Quotations in 2007
I definitely like Python 3K’s Unicode support better [...] In fact, I think I prefer Ruby 1.8’s non-support for Unicode over Ruby 1.9’s “support”. The problem is one that is all to familiar to Python programmers. You can have a fully unit tested library and have somebody pass you a bad string, and you will fall over.
Boxing Day toy discovery: Mega Bloks not compatible with Duplo! See, Alex Russell? THIS IS WHAT HAPPENS WHEN YOU INNOVATE AHEAD OF STANDARDS
I don’t even use Firefox and Firebug anymore, the revised Web Inspector in Leopard has been incorporated in Coda and that does everything I need and more.
To get a better future, not only do we need a return to “the browser wars”, we need to applaud and use the hell out of “non-standard” features until such time as there’s a standard to cover equivalent functionality. Non-standard features are the future, and suggesting that they are somehow “bad” is to work against your own self-interest.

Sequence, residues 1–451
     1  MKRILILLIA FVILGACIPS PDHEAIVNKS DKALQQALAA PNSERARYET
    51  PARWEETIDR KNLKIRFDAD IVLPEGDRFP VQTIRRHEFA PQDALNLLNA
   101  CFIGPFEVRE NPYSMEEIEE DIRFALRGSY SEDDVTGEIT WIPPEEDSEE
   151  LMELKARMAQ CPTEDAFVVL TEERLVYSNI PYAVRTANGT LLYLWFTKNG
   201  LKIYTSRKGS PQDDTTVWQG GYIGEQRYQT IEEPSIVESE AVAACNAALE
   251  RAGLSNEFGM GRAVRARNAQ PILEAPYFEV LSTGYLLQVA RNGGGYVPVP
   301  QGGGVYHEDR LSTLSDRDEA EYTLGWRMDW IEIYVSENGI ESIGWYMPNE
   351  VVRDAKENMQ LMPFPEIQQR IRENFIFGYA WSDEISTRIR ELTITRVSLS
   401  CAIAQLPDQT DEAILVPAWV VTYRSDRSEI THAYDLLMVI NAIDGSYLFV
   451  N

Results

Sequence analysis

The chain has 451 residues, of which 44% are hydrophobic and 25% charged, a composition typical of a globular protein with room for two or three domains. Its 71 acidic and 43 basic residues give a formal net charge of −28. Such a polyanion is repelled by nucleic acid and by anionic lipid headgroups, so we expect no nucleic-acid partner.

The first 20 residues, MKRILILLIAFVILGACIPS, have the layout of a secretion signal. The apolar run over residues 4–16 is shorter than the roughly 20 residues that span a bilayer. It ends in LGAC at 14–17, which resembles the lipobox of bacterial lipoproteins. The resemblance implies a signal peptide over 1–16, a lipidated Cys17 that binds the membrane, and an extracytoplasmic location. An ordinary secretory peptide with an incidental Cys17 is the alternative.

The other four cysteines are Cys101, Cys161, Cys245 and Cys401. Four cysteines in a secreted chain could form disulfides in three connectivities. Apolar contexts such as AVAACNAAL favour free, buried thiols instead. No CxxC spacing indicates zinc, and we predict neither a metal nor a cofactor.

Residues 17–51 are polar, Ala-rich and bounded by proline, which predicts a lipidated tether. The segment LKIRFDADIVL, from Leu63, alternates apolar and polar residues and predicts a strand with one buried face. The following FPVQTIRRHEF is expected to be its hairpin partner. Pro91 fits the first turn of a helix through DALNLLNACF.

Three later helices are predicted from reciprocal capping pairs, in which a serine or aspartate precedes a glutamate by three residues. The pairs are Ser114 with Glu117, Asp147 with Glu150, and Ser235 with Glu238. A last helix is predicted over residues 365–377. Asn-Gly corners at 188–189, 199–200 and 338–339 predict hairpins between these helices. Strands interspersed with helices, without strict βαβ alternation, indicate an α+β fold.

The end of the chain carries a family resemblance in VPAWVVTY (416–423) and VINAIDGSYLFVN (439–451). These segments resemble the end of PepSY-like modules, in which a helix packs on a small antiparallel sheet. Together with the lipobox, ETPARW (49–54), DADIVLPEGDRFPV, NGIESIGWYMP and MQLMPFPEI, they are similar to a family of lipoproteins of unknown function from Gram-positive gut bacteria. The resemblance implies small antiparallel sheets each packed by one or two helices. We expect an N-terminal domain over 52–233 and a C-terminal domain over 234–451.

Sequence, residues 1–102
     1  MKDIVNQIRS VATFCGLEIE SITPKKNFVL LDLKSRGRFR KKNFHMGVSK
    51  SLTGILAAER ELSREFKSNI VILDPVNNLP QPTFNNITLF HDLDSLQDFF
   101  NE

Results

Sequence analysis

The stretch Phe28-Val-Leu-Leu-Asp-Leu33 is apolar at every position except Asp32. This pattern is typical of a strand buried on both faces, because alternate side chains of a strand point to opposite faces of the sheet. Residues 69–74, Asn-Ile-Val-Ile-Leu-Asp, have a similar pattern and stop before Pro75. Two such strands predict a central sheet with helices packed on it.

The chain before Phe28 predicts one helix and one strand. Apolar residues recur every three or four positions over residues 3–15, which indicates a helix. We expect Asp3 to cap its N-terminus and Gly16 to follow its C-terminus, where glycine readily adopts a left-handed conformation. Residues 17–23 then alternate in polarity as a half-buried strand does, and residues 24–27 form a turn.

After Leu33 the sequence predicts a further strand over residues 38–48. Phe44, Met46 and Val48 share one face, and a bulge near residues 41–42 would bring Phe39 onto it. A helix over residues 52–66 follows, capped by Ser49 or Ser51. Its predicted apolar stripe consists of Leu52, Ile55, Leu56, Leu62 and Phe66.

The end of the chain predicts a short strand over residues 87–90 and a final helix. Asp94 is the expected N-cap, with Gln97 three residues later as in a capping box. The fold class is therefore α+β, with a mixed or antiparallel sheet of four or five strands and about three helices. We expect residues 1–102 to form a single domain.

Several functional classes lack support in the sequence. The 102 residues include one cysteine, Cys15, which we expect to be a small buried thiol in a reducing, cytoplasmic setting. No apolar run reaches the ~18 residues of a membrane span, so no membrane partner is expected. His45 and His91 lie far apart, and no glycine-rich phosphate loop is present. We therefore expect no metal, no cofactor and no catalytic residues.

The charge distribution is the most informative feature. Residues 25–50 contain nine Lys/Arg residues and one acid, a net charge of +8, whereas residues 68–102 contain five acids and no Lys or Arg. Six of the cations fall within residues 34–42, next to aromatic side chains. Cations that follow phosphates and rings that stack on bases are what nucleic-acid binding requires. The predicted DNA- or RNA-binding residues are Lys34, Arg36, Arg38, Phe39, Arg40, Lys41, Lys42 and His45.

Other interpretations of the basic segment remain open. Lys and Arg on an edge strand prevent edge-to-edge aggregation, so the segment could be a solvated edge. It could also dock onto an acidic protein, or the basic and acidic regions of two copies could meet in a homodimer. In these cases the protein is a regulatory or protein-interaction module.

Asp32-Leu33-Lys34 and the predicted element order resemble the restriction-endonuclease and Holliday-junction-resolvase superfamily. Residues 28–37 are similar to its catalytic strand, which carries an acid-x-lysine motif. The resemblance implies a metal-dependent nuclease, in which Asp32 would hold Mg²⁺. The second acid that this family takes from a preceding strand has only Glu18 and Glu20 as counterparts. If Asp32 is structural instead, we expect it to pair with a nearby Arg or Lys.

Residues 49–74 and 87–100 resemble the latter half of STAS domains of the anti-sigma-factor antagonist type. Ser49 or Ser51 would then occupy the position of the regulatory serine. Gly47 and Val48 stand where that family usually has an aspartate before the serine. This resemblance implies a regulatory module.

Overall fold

Don’t EVER make the mistake that you can design something better than what you get from ruthless massively parallel trial-and-error with a feedback cycle. That’s giving your intelligence _much_ too much credit.
The researchers found that simply having the doctors and nurses in the I.C.U. make their own checklists for what they thought should be done each day improved the consistency of care to the point that, within a few weeks, the average length of patient stay in intensive care dropped by half.
Unfortunately, I was shocked, horrified and moderately surprised to see that nowhere is there any mention of how to encode negative numbers. Google, I appreciate you trying to help, and I understand that this grew out of needs for Google Finance, where stock prices can never dip below zero. But there’s really not that much data out there in the real world that always exists solely above the origin.